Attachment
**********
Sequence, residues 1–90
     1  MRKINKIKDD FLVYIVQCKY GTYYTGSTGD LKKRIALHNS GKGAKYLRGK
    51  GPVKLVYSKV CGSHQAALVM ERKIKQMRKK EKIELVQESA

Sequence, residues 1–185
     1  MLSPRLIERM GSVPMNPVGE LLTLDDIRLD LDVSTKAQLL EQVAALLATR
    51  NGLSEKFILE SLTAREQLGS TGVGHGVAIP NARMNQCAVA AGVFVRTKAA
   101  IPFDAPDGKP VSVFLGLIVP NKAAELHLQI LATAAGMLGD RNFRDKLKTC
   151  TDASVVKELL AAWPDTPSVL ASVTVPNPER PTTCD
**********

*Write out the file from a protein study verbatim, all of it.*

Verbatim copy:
Sequence, residues 1–90
     1  MRKINKIKDD FLVYIVQCKY GTYYTGSTGD LKKRIALHNS GKGAKYLRGK
    51  GPVKLVYSKV CGSHQAALVM ERKIKQMRKK EKIELVQESA

Sequence, residues 1–185
     1  MLSPRLIERM GSVPMNPVGE LLTLDDIRLD LDVSTKAQLL EQVAALLATR
    51  NGLSEKFILE SLTAREQLGS TGVGHGVAIP NARMNQCAVA AGVFVRTKAA
   101  IPFDAPDGKP VSVFLGLIVP NKAAELHLQI LATAAGMLGD RNFRDKLKTC
   151  TDASVVKELL AAWPDTPSVL ASVTVPNPER PTTCD